500 GB External Hard Drive - how safe

Discussion in 'Digital Darkroom' started by paul_sharratt, Aug 2, 2007.

  1. I've heard and read conflicting information concerning the reliability of500GB
    and higher external harddrives - is this true? ARe 320gb more dependable. I'm
    trying to select between Seagate and WD, 320 or 500? Thanks.........
     
  2. I don't see bigger hard drives as any less safe as smaller ones. They just stick more platters in there. But they've been doing multi-platter drives since about 60GB, it's just that each platter holds more and more.

    The bottom line is that if you're concerned about integrity and backup, get multiple, and use something like karen's replicator to keep everything in sync. I have my workstation backup to a server which does alternate night backups to 2 different external drives. And the serer is RAID 5 so I can have 1 drive fail and still be okay.

    allan
     
  3. With LaCie's 500gb external drives going for just over 100 bucks each, I just buy them in pairs and double-backup everything. No worries at all; if one should fail I'll just duplicate the backup.
     
  4. <<They just stick more platters in there>>

    This is not true, especially when talking about Seagate's perpendicular-bit drives.
     
  5. what he says is very true
    I , after some sad experiences finding cd-r backups as unreadable,
    rI lookd up opinions on the www and found the life of recorded medial to be short.

    unless you can make commecial cd's - not cd-r
    s you are better off with manetic media. such as a hard drive.
    I have had experiences magnetic media like floppies failing " as I walked accrosws the room" and my old tape backups colorado qic-80 -- dc2120 tapes failing, i think the best is to make extra backups
    my wife keeps records for 2 non-profit organizations and makes multiple copies in different formats.
     
  6. I've had bad luck with two different 100 GB externals - both failed within a year - so I don't see how 500 could be any worse. My current external - a Fantom - is the first one to last more than a year. FWIW, with the ones that failed I followed the manufacturers instructions and left them on all the time. With the Fantom I've only turned it on when I was using it despite the instructions to leave it on all the time.
     
  7. Oh dear. It should be powered up all the time? Why do they have an on and off switch? I switch mine on and off all the time having never found instructions to do otherwise. Anyone one else have any info on this?
     
  8. Hard drives will lose data eventually unless refreshed. The magnetic domains are not stable over long times.

    You might well get 100 years out of good archival CDs and DVDs stored optimally. Cheap disks in sub-optimal storage conditiuons can fail in a few years. You're very, very unlikely to get 100 years out of a hard drive! Not only would they fail mechanically if you left them turned on, the magnetic domains would drift if you didn't refresh them. Magnetic tape has a life of maybe 30 to 100 years if stored properly. No better than good CDs/DVDs.
     
  9. Rob,

    doh - forgot about seagate's drives. My bad. But in general... :)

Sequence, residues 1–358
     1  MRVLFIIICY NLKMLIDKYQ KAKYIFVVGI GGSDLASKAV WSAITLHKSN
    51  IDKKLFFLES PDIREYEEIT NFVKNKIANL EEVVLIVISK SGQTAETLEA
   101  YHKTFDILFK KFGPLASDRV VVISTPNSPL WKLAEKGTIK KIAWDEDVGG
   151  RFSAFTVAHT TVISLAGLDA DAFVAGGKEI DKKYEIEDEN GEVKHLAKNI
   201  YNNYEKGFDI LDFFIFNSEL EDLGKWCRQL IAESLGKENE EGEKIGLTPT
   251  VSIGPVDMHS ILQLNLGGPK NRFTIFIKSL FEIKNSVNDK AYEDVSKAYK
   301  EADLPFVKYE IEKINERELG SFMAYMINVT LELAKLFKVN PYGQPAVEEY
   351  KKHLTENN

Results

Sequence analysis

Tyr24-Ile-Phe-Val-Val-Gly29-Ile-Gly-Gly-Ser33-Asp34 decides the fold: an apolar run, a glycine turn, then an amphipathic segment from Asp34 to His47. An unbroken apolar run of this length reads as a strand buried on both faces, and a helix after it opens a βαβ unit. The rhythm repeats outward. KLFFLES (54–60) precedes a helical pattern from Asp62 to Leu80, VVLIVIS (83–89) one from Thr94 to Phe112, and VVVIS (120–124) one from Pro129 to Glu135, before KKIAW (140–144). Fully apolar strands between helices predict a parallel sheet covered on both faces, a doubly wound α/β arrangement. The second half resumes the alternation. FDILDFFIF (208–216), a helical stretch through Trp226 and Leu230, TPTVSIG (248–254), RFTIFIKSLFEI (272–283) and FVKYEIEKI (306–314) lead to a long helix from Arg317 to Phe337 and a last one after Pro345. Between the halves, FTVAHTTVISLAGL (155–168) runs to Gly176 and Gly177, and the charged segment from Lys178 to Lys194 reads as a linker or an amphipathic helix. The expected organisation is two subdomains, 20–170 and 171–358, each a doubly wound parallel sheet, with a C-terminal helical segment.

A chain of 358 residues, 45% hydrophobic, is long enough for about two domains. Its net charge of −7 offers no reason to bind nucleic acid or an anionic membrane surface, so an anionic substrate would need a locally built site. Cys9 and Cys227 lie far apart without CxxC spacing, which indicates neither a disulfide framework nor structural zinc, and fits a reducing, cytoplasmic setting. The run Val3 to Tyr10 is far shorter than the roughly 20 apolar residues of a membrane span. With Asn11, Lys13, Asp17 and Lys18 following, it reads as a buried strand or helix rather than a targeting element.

allan
     
  10. If you don't want to go the RAID route, a better solution than a single big drive might be a pair of external drives from different vendors. If you get two identical drives, and both turn out to be from a bad batch, you could be in trouble. Buying from different companies lowers that risk. It's uncommon, but has happened in the past; google "IBM Deskstar" for one case. That drive was very quickly nicknamed the Deathstar by computer geeks for a good reason. (I also use DVDRs from two different companies for the same reason. A bad batch can't ruin both full copies that way.)

    Also, two big killers of hard drives are heat and movement. Set the drives where they'll have good ventilation with cool air and where they won't be knocked over or be subject to vibration.

    Until I can afford to build my dream RAID server, this is the backup strategy I use. Dual external drives backed up nightly, and dual copies archived to DVDR each month, all from different vendors. Maybe I'm paranoid, but as they say, even paranoids have enemies.
     
  11. Refresh the hard drive?
     
  12. Yes. To refresh the data you read and rewrite all the data on the drive.

    See SpinRite for example - http://www.grc.com/sr/spinrite.htm
     
  13. some might argue that ECC error correction will refresh weak domains but I'm dubious. plan on periodic wipes and rewrites on your backup drives.
     
  14. "... conflicting information concerning the reliability of500GB and higher external harddrives... "

    Don't worry about it (if you manage the storage correctly.) The simplest thing to do is to buy two drives and do a periodic drive to drive copy. This by itself will give the bulk of benefits of more sophisticated storage schemes.

    It doesn't matter whose external drive you buy. Regardless of packaging, there are only a single handful of drive manufacturers left. For backups, it's best to just buy a bare Seagate or WD and use a USB/SATA dongle for the transfer.

    For all practical purposes, magnetic integrity of the data is the least of your worries. These things are designed to be robust, from the read channel all the way up to the control firmware.

    Drive mechanicals are a bigger vulnerability. Keep perspective though: the latest Hitachi 1TB enterprise SATA drive is rated for 136 year MTBF. If it doesn't break in the first couple of weeks, it probably won't for the next 7 years (and this may as well be forever.)
     
  15. Bob, Andy, Robert, thanks so much for explaining that, I was about to give them another beer.
     

Share This Page

1111